This is the Walnut meadow and the Blossom bank.
A mass of cornfield annuals: oxeye daisy; poppy; corn cockle; corn marigold and corn chamomile.
These are a one-hit wonder: they won’t be here next year and they’ll only last about a month.
The cornfield annuals are what are traditionally thought of as “meadow flowers”… But they aren’t… They are plants of the cornfield, they need for the surface of the ground to be disturbed (ploughed/tilled) and clear of vegetation in order to grow. They can grow on fertile ground; unlike many other meadow mixes.
Meadows are different. Dame Miriam Rothschild believes that a meadow only really comes into “being” when its about 15 years old… and even then it is not really “established”. Strictly speaking, meadows are areas of land that are man-managed, but, have their own unique grassland ecosystems.
My “meadows” are not “farmed” or large fields of land, so, I have to manage them differently and in many ways they function differently… These are extended areas of the garden and I am learning as I go how to create and maintain small areas of wildflowers and long grass within a garden. And, because they are part of a garden, they need to be decorative and sit within that setting while still being a meadow rather than a flower border.
The railway meadow is about 100 metres by about 12 metres and is now in its third year…. It is cut at the end of July and all the hay is cleared and piled on the railway bank for the animals (mostly badgers) to use as nesting material. It is as near to a conventional meadow as I have.
The Walnut meadow is a “stylized” bit of long grass. This area is close to the house and I wanted to make sure that it looked like a deliberate feature rather than a bit of unmown lawn….So, it has nearly 600 bulbs planted within it so that it always has some colour.
Narcissus “Thalia” and Anemone Nemerosa in April
Camassia Lechtlinii in May
Allium “Purple Sensation” in June
I sowed this area and the bank behind in October last year. The topsoil and the turf were scraped off and the subsoil was then raked and sown with a meadow mix for chalk soil and cornfield annuals (as a nurse crop).
The greatest difficulties I have found with meadows are:
- Most people want a cornfield not a meadow and are disappointed when the showier annuals don’t come back the next year. This is why I am experimenting with bulbs and introducing vigorous perennials (like aquilegia) in my meadows…. To see if I can get to something that could become a garden-worthy “meadow”.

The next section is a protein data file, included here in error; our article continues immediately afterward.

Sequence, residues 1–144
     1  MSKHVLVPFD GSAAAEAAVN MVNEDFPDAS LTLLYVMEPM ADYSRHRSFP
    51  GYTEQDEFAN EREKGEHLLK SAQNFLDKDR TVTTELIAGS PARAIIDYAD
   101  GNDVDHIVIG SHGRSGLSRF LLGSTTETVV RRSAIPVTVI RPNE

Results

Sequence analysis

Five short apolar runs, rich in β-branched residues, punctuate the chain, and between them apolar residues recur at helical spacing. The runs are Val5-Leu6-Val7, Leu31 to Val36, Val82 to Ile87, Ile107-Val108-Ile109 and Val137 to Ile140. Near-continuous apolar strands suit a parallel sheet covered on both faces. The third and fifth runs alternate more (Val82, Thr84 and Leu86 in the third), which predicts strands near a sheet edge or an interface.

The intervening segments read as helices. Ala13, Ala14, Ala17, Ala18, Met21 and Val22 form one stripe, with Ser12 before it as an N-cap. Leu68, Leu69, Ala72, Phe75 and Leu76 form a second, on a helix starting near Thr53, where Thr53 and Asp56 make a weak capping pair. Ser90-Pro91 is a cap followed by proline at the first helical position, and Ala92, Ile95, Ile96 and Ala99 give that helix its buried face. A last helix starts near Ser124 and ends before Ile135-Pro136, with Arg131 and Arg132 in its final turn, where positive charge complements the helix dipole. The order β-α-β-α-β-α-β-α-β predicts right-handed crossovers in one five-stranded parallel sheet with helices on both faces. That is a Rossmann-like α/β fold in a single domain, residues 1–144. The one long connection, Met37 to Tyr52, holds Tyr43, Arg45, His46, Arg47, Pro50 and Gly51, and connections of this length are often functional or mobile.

- Perennial weeds. There is a pernicious perennial weed bank at the farm… Bramble, Bindweed, Hogweed, Thistle, Rosebay Willow Herb and Hemlock come back and back and back… having stripped and disturbed the soil we have brought these weeds back to the surface and it has been back breaking work weeding them out of large tracts of land. – Meadows are perceived to be “low maintenance”, but, I can assure you that this year we have worked harder on the meadows than the borders. My hope is that once the perennial grasses and flowers are established the weeding will reduce to spot weeding.
The Walnut meadow and Blossom bank will be cut in July. It will be strimmed (as I can’t scythe – need an extra from Poldark!) and the hay will be raked into a pile and (after a few days) removed.
I have sown the same “chalk” mix on my south-facing limestone bank…. However, the mix has been slower to establish here and the weeding has been incessant…. Literally thousands of Rapeseed, Hemlock and Thistle seedlings.
I have another mini-meadow bank (6m x3m) outside the Potting Shed. Here I have Primroses and Celandines and Pheasants eye daffodils, followed by cow parsley annuals (Ammi Majus, Anthriscus Sylvestris, and Ammi Visnaga) …. After these have set seed this area will be mown until the following Spring. This is an area of reasonably fertile soil (as in many gardens) and I am trying to get the meadow “effect” with vigorous garden plants within the grass.
And then I have my entrance “matrix bed”: a Piet Oudolf inspired planting that is designed to look like a meadow/ naturalistic planting, but, uses cultivated garden plants and grasses to mimic the naturalistic wafting transparency of a meadow in June…..
Are these all meadows, or pale imitations of them? Gardening really is the subtle chemistry of nature and man’s management of it. How far you go is a question of taste rather than horticulture.